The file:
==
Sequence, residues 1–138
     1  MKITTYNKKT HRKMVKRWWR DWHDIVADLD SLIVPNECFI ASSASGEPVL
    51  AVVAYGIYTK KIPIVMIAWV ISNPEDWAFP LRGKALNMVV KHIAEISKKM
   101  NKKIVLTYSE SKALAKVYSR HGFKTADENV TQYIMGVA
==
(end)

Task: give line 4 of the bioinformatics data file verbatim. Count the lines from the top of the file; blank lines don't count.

   101  NKKIVLTYSE SKALAKVYSR HGFKTADENV TQYIMGVA